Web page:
Harbor Boat Fundamentals

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Tugboats are usually seen, and imagined, in the harbors and smaller waters of the world, docking an undocking ships.  These are the harbor boats and their job goes basically like this.

The tug's captain moves the tug alongside the ship.  The tug's crew sends up a large line that the ship's crew makes fast to the ship.  Then the tug's crew fastens that line to the tug.  once everything is in place, the docking pilot, who is aboard the ship directing the operation, calls out orders over the radio and the tug maneuvers as necessary to help the ship into or out of her berth.

The equipment on deck is fairly easy to keep straight.  To do this job, these items are needed:  A stout line of about four inches in diameter, a smaller messenger line, used to haul the heavy docking line up to the ship's deck, and an even smaller heaving line, to get the messenger up to the ship's deck first.


Here is a view of the bow of a tug that is getting ready to dock a ship.  The job can be done from the stern and "made up" as well, but we're going to talk about the most common way that tugs move ships.  The large docking line is obvious.  To the left, coiled on deck is the messenger line.  This line is easily handled by the crew of the tug and the ship and can be taken to a capstan and hauled up under power without breaking like the smaller heaving would.  Sometimes the docking line must be pulled dozens of feet up to the ship and the weight of a wet line gets heavier as it leaves the deck- much heavier.


To get the messenger up to the crew of the ship, the tug's crew throws a heaving line.  The heaving line is fastened to the messenger and the ship's crew can bring it up by hand no matter how high or far away they are from the tug.

 The knot at the end of the heaving line is called a Monkey's Fist Knot.  The extra weight on the end of the line makes the line sail through the air for great distances.  Many boatmen pride themselves on the length and accuracy of their throws.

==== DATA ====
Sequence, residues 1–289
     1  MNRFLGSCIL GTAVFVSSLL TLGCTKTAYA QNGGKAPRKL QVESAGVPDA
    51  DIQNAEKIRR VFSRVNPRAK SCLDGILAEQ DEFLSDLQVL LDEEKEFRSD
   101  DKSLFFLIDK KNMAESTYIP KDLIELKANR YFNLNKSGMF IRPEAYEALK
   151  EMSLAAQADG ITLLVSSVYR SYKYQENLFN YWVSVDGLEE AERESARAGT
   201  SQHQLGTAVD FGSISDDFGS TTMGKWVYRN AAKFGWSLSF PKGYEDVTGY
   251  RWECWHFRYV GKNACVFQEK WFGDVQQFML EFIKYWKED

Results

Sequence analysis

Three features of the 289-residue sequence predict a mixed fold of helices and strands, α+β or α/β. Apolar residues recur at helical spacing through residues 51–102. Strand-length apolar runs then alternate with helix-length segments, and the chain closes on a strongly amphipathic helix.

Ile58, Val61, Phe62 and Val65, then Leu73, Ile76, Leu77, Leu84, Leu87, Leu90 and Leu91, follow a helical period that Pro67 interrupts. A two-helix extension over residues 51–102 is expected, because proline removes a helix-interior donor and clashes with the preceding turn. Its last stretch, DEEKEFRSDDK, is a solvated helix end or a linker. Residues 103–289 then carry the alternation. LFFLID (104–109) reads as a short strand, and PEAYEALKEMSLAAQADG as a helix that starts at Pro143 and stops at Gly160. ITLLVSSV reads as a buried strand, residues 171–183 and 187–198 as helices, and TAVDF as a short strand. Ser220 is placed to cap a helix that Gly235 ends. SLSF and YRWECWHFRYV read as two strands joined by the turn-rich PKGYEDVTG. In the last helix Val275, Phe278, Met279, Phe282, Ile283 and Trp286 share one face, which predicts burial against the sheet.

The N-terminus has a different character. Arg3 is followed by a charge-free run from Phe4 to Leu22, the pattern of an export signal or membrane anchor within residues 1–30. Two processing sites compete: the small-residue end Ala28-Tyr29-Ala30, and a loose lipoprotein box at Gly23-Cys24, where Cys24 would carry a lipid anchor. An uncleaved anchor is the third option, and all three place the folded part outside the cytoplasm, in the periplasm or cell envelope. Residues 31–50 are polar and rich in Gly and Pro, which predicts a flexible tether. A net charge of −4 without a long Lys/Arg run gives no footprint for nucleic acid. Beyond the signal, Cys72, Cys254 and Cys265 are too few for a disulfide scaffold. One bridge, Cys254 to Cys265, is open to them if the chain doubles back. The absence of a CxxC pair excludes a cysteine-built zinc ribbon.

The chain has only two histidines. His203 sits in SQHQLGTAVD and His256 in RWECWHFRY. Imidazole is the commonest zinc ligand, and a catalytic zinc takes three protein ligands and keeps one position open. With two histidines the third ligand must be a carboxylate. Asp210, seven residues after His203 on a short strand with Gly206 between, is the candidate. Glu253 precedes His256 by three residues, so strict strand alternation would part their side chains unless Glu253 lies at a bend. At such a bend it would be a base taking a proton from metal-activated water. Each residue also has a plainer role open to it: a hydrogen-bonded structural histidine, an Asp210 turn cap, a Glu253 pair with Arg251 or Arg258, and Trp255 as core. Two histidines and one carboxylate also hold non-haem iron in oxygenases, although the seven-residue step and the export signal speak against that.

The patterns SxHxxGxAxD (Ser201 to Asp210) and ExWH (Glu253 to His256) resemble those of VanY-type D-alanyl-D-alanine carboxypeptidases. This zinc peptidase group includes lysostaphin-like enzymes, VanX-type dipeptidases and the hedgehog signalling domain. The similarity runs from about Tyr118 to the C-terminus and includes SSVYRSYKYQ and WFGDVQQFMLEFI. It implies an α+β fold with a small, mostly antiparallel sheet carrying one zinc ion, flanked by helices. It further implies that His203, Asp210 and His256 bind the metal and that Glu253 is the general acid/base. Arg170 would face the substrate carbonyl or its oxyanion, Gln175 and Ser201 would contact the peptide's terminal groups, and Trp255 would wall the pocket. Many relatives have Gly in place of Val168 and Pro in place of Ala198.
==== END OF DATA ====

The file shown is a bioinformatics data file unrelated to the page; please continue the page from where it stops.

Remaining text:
Here is a boatman making his throw. It looks as though he must reach a height directly over his head.

You can see the messenger line on deck just behind him.



Here the tug's crew is fastening a messenger to the end of another line to go up.  There are many configurations that the pilot may request to move the ship depending on the conditions.  Sometimes more than one line and different types of lines are employed.


Here is the line going up.  In the foreground are the H-bitts that will be used to fasten the docking line to the tug.

Whether on the stern or on the bow, the H-bitts are the most important piece of deck furniture on the tug, and the crew knows many ways to make a line onto them.

Here are different type of bitts.  The set above are in a triangular configuration and the set to the left have a power capstan built onto them to help bring long docking lines in tight.

No matter what they look like, the important job they do remains the same.


Once the line is up and both ends are fast, the crew takes a short break while the captain and the docking pilot do the rest.

Here is a tug positioned at the bow of the ship it is moving.  This is the most common job of the ship docking tug in harbors.


This is the docking pilot.  He is in radio contact with the tug's wheel house.

He observes the movement of the ship from the bridge wings and directs the ship's captain in the use of his engines, while directing the tug's captain to pull the ship with his line or push against it with his fender system (also known as pudding or puddening).

As he gives a order to the tug, the tug can reply with his whistle to acknowledge the order as understood.

A forward order gets one toot, and a backing order gets two toots.  Stopping orders get one toot just a little longer than normal.


Here is  a small tug with a line up on the stern of a ship.  Sometimes harbor tugs are employed this way to help a ship steer while transiting winding rivers.  This is a job that is going to the more modern ship docking modules and tractor tugs, so popular these days.

There are many jobs that harbor do to move ships, barges, and large marine equipment.  The job remains the same.  Get to the job, put up a line, and move around with power and grace combined.

The last whistle signal the crew hears is the long toot followed by two short ones.  "Bring your line in."  After the line is back aboard the tug the crew can straighten up the lines and decks and then get ready for the next job, or the trip back to the yard for a break.